Beta Now Available!
Lollipop? Licorice? Life Savers? The mystery remains as to the final codename that Google will assign to the next version of Android. Currently known only as “Android L”, this version presents a major design overhaul for Android. This release contains many user interface changes, so Android L looks great, but it won’t become available until this fall. Fortunately, inquisitive Nexus 5 and Nexus 7 (2013) owners can explore Google’s new mobile OS today by installing the public beta.
To do this, you need a host machine with the Android SDK tools. Simply download the system image available on the Android developers page and then flash it to your Google Nexus device.
Warning: This procedure will erase all data from the device! This beta is not stable!
When starting the phone, the first thing you notice (apart from a new boot animation) is the absence of any significant fundamental changes. The home screen and default apps are largely identical to that of KitKat (Android version 4.4.4). We do note a different grouping of the icons in the top bar, along with the three navigation buttons under the dock. The new appearance of these buttons is our first encounter with Google’s “Material Design” of Android L. The new form is definitely simpler, but whether it makes the function any more understandable is a matter of opinion.
Google gave Android L a bold new keyboard, daring to remove the visual separation between keys. While this might appear to be detrimental to accuracy, on the contrary, our experience has been largely positive, and other third-party keyboards have already adopted this borderless design. We find that the eye is less distracted by unnecessary graphics, and our fingers find their way directly to the intended letter without worrying about accidentally hitting metaphorical keys.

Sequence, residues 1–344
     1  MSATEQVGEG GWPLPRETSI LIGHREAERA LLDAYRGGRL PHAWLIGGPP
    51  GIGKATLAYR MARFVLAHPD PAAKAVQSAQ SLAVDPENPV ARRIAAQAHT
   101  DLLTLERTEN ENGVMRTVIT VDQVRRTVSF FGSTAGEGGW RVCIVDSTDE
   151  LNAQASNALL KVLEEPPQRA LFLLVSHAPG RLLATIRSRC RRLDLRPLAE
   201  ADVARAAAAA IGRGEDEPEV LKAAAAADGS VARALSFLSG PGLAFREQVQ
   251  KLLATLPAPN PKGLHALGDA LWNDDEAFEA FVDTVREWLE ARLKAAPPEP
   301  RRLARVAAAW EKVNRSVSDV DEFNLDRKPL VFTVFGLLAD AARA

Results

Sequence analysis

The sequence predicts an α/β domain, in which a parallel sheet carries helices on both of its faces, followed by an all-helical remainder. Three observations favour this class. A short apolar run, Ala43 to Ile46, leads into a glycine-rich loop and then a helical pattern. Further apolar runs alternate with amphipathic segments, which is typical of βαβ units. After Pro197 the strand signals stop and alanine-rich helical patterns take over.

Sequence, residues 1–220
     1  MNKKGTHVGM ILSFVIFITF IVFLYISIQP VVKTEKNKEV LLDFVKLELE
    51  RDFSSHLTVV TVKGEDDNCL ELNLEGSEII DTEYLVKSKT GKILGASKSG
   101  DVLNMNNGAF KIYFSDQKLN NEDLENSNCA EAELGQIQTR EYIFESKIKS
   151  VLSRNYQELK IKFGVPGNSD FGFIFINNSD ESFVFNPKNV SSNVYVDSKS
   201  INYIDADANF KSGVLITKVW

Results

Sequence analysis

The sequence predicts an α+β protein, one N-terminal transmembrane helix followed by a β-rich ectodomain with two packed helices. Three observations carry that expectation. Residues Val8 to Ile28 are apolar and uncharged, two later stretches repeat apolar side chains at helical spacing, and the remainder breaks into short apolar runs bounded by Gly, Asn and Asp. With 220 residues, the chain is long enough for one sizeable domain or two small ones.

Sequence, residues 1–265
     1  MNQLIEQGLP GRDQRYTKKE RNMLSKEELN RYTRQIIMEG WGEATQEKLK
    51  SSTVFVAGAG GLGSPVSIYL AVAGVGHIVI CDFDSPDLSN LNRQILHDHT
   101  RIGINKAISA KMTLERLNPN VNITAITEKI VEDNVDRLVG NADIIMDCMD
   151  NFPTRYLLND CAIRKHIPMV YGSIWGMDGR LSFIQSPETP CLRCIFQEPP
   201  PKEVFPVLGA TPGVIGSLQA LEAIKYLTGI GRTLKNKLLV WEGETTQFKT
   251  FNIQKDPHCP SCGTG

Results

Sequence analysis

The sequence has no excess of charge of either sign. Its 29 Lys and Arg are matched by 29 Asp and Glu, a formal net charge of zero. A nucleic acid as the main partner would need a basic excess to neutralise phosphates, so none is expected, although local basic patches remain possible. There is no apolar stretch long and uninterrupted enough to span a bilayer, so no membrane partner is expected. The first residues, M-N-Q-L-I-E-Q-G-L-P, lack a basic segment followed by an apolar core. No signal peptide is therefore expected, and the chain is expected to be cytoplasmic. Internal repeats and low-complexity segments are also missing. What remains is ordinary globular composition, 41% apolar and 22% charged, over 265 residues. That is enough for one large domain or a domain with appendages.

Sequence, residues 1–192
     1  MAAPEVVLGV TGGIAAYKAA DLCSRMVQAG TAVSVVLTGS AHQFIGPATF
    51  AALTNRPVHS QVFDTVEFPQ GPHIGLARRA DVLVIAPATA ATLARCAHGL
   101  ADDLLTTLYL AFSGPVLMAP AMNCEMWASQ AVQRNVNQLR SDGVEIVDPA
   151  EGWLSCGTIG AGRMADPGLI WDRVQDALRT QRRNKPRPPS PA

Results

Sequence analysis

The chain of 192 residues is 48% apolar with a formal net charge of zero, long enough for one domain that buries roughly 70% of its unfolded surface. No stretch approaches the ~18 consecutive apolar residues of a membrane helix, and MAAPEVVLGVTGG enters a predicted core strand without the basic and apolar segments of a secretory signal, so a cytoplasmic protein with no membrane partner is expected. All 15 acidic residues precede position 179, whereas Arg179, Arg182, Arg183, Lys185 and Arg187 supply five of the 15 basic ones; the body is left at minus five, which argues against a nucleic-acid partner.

Aside from its appearance, the keyboard doesn’t receive any big changes. It can still be used by either typing each letter one at a time, or by dragging your finger from one letter to another.
One of the main developments of Android L is in notification management. The notifications dropdown now appears on a far more transparent background, and battery status can be hidden or expanded as needed with a simple swipe. The independent notification “cards” have a reversed color scheme from the previous version of Android - going from white text inside a black bubble, to black text on a white background. Similar notification cards stack on top of each other in case their number would prevent them all from being displayed onscreen at once. This new type of notification card can also float above the current application.
In Android 4.4, you can display a panel of system shortcuts with two actions: pull down the notifications bar, then press the settings icon. Android L eliminates a step: after bringing down the notifications bar, pull a little lower to show the system shortcuts panel. Notification cards pile up below the system shortcuts, but remain visible. In this instance, Google has produced true ergonomic progress, as it is now possible to complete the same action with less input.